If mothers were asked to put together a job advertisement for, well, being a mom, after the results of a recent survey, it just might look like this:
Now Hiring! Work From Home! Position requires strong ability to multitask. The successful applicant will be able to plan and prepare nutritious meals, while maintaining mountains of clean laundry. She can provide tutoring, nursing, counseling and therapy sessions on an as-needed basis. In addition, applicants should be available for various event-planning activities, including birthday parties. The position involves staying up-to-date on all recommended practices of child development, including, but not limited to temper tantrums and adolescent awkwardness. Sleeping and eating not guaranteed for employees. Applicant must have a valid driver’s license or organize reliable transportation. Expect to work an average of 97 hours per week for 52 weeks per year. Pay range: $0 to $0 DOQ. Fringe benefits: priceless.
Yes, motherhood entails a list of responsibilities that could go on and on. According to a survey of 2,000 mothers raising school-aged children (ages 5 to 18), moms spend nearly 100 hours a week on parenting tasks — even if it means sacrificing sleep and “me time.” The poll, commissioned by Campbell’s Well Yes! Sipping Soups just in time for Mother’s Day, found no fewer than 15 different hats a mom wears, from chef to financial advisor. It’s no wonder the job goes well beyond a 40-hour workweek.
Where do moms carve out the extra time for this massive job? More than half of those surveyed (53 percent) reported sacrificing sleep for their children, while 47 percent regularly give up date nights, hobbies and time with friends.
Despite the nutritional requirements of the job, the survey found that mothers often zero in on their children’s needs more than on their own. About 3 in 5 respondents (62 percent) say they often eat on the run, 53 percent admit they struggle to eat nutritious foods because of the demands of their schedule.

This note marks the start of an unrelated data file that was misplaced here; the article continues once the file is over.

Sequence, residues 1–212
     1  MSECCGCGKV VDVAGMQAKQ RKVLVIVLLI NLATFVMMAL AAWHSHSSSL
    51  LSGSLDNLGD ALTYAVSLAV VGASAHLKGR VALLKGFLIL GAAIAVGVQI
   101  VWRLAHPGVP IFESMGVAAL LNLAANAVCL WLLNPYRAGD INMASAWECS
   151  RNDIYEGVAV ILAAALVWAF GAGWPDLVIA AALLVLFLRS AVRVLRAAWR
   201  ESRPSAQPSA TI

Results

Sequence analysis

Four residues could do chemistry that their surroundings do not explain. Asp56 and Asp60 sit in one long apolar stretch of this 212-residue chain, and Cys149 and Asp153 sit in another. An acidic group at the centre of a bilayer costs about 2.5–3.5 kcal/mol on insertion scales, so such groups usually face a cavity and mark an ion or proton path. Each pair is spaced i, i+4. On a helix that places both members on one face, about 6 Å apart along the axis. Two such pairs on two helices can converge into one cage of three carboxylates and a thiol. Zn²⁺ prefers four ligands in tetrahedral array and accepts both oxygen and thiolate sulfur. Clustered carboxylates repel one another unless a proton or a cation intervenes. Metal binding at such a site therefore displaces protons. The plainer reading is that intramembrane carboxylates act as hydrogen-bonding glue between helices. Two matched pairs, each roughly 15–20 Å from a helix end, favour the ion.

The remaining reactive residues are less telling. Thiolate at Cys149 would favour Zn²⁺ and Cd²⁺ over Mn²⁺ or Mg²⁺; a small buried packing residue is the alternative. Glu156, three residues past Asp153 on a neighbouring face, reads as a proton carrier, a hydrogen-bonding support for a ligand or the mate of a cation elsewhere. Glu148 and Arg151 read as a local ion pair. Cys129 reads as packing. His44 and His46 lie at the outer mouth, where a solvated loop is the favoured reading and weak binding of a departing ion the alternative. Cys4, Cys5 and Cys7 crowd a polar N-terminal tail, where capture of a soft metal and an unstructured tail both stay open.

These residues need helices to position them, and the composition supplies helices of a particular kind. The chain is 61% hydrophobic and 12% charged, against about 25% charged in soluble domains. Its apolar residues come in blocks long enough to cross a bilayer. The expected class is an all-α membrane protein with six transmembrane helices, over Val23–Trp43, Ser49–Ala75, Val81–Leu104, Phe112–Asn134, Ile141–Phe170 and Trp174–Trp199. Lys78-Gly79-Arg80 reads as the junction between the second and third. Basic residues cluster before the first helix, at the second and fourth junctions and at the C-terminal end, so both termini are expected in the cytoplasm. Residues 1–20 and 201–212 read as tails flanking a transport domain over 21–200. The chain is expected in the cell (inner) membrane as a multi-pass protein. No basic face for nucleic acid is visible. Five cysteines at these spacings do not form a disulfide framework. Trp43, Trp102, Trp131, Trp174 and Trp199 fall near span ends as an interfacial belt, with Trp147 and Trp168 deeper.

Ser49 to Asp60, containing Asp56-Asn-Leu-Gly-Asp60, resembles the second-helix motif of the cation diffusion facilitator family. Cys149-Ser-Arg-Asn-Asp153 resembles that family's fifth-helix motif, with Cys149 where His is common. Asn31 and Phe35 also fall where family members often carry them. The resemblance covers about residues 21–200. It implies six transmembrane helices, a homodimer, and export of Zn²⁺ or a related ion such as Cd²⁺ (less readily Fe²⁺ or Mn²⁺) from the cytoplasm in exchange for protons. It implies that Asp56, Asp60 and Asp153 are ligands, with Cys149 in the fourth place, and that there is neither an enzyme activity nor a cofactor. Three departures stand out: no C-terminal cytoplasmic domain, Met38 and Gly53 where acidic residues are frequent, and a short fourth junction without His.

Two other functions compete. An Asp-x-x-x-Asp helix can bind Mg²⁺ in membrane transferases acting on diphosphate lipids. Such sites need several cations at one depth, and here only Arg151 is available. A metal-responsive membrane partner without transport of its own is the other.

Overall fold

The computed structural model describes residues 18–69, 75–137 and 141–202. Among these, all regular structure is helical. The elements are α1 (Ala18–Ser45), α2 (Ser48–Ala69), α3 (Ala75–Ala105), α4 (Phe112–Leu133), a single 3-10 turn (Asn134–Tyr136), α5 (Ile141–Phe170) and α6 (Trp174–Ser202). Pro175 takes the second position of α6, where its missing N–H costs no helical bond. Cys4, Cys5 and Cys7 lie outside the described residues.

“It’s incredible how many jobs moms juggle in their everyday lives, so it’s no surprise that their personal nutrition isn’t their top priority,” says Diego Palmieri, Chief Marketing Officer, Meals & Beverages at Campbell Soup Company, in a statement. “Taking time to eat nutritious foods is something we all know is important, but for on-the-go parents – moms in particular – it can feel impossible.”
While moms tend to ignore their own needs, the survey found that they still make sure the kids are eating healthy foods. Mothers themselves eat balanced meals just 39 percent of the time, compared to 52 percent of the time for their kids. Moms also only manage to eat three meals a day 44 percent of the time; for kids, it’s 68 percent. And these women admit consuming the recommended daily number of fruits and vegetables 34 percent of the time, while making sure their children hit this goal 42 percent of the time.
Where does the time go? In a typical day, mothers say they spend 46 minutes preparing meals for their children, 44 minutes doing their laundry and 29 minutes creating artwork and drawings with the kids. Add to that the time spent as chauffeur, cheerleader, tutor and therapist, and it doesn’t take long to rack up many more hours than a full-time job.
Researchers found such a job would pay a handsome six-figure salary: a whopping $100,460 per year if moms were paid for their work as parents. And that’s despite the fact that 70 percent of the mothers surveyed still work a full- or part-time job to boot.
After the immeasurable amount of selflessness shown by the typical mom, the survey found she’s left with less than an hour a day of “me time.” For 88 percent of moms surveyed, this time is often stolen from hours of shuteye, be it getting up early, staying up late, or both.
“With the amount of time moms spend taking care of their children, it’s no surprise that they’re giving up time for themselves,” says Palmieri.
And yet despite the number of sacrifices they make, more than two-thirds (69 percent) of mothers say they want to spend even more time tending to their children.
But it is an impossible job that mothers somehow pull off. After all, how many jobs can claim to have fringe benefits that include cuddles, hugs, and the sense of satisfaction that comes from raising a healthy, happy human?